Rising COVID-19 cases in schools a ticking time bomb



THE upsurge in COVID-19 cases in schools in recent weeks is worrisome. Since the start of the summer season, we had seen a drop in COVID-19 cases and deaths as government upscaled the national vaccination programme with the aim of reaching 60% herd immunity by end of year.

Statistics from the past weeks, especially in schools, are a cause for concerns as most of the learners are not vaccinated.

Government has been dithering on rolling out a vaccination programme for children aged between 14 and 19 years, but with the rising numbers of positive cases in schools, the programme should be rolled out imminently.

While the young people are not at risk of becoming severely sick and needing hospitalisation, the major concern is on containing and restricting the outbreak within schools.

Government recently announced that despite the surge in COVID-19  cases, schools would remain open while efforts to combat the coronavirus are worked out. But this will be a challenge given that some schoolchildren are day scholars and some use public transport, posing a risk of spreading the virus in the communities they come from.

There is a high possibility that their contacts, such as family members, neighbours and other people, can spread the virus to their workplaces, putting the country at risk of another wave. With end-of-year school examinations around the corner, closing schools again is not an option as learners risk losing out a year of studies since schools were closed in June before they reopened late last month.

We urge government to expeditiously heed the teacher unions’ call to avail personal protective equipment to all schools and vaccinate all eligible groups.

Urgent intervention by government is needed in providing test kits in all boarding schools so that all pupils are tested and the infected quarantined. This will also stop recurrent infection. Teachers’ unions have urged authorities to provide food, tents, toiletries, sanitary wear and blankets to quarantined day scholars.

Health officials must also be deployed to affected institutions to guide, monitor and supervise the quarantine centres. There is also need to provide COVID-19 abatement equipment and drill boreholes in schools.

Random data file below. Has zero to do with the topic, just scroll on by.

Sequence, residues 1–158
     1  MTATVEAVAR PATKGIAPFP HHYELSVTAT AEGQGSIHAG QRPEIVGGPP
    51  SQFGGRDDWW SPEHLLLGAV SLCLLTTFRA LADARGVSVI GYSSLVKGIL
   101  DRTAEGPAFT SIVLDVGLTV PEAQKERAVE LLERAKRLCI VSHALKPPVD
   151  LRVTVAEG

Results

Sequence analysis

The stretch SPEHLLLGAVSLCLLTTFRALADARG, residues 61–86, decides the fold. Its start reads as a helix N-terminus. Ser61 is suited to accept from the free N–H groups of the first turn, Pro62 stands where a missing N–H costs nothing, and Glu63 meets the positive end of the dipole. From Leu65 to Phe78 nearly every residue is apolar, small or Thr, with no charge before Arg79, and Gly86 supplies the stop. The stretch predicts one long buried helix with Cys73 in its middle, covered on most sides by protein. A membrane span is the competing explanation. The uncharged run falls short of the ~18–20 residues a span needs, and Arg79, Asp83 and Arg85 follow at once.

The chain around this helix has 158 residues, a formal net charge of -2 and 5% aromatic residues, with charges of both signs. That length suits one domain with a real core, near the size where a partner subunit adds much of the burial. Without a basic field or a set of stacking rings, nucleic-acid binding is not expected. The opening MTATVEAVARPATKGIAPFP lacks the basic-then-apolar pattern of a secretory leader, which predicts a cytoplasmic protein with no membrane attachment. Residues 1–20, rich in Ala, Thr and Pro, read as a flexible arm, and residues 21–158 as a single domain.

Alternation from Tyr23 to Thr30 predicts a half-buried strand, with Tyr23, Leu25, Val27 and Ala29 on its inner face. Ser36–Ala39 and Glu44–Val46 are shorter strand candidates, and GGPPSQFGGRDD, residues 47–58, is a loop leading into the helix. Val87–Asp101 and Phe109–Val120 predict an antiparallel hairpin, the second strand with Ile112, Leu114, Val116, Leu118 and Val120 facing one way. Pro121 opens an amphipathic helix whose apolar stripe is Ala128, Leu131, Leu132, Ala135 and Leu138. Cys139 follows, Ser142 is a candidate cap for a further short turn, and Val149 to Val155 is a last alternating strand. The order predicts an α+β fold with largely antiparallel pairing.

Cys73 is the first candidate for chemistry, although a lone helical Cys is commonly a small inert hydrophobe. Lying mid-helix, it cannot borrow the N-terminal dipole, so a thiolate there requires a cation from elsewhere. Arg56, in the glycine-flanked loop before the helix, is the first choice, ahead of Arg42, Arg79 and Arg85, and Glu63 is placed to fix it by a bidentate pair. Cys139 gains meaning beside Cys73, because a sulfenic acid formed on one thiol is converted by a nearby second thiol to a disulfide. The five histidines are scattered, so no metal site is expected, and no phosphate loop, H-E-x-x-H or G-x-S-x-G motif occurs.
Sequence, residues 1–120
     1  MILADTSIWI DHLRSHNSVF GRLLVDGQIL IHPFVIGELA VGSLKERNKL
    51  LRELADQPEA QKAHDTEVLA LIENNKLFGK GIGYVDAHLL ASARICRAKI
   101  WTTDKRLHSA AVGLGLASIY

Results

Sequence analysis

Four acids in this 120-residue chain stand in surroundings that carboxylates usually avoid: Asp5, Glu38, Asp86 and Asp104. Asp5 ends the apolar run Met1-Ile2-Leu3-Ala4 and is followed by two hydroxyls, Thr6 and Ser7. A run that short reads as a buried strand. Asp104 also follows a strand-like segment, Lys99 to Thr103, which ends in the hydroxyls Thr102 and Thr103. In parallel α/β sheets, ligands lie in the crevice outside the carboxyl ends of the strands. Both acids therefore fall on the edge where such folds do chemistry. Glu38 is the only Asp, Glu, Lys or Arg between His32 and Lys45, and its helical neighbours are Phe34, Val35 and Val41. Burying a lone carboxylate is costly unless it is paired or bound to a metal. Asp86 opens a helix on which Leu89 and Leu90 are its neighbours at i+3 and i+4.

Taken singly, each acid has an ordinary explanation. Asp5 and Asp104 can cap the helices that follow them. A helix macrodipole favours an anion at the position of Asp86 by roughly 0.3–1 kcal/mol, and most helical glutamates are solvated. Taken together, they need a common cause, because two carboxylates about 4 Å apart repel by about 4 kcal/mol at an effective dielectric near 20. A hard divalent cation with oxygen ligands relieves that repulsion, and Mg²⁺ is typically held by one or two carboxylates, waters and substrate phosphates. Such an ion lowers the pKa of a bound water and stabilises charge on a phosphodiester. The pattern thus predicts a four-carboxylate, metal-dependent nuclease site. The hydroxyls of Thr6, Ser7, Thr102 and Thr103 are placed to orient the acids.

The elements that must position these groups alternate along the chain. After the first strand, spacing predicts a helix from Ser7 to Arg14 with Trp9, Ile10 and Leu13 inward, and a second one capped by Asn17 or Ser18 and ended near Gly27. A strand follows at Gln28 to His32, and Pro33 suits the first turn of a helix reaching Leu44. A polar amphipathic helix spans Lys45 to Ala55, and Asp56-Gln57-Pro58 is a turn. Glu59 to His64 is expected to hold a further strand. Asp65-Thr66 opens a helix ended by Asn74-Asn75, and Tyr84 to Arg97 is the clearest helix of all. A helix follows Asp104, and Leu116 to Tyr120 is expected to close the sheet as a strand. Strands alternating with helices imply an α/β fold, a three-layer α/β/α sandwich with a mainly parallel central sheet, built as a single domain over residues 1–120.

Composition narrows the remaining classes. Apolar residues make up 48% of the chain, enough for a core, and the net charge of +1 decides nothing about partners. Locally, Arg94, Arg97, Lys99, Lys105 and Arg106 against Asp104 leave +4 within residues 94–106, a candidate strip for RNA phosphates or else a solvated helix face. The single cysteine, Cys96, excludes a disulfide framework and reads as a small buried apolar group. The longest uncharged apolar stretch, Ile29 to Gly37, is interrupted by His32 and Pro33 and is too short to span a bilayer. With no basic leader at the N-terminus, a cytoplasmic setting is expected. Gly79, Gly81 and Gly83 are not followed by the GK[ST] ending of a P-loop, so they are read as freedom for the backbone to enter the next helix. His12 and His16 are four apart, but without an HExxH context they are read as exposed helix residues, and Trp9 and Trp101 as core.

It is high time government puts aside its arrogance and stops taking things for granted and do the normal under the circumstances.

We were shocked when government announced that the surge was insignificant.

Surely, how can a whole government official say that when everyone is worried abut the health and safety of schoolchildren?

Any surge in statistics, nomatter how small, cannot be dismissed as insignificant as it is tantamount to shooting oneself in the foot. A rise in cases is the tip of an iceberg. The statistics we have so far are not a true reflection of what’s on the ground.

The first, second and third waves have dealt a huge blow on our lives, hence a fourth wave will decimate everything we have worked to achieve in our resilience. Afterall, we are a few months away from the festive season where cross-border and intercity travel will increase, further spreading the killer virus in the process.

Government should continue promoting vaccine uptake. Hesitancy will not take us anywhere. Zimbabwe continues to receive vaccines — bought or donated — and so far with more than three million people having received the first jab, and 2,157 million people fully vaccinated, government needs to vaccinate eligible pupils with speed.

The health delivery system will not survive another round of admissions and the few health workers still holding the fort may curve in from the pressure. The fragile economy will also not manage another shock in the form of stricter lockdown measures.


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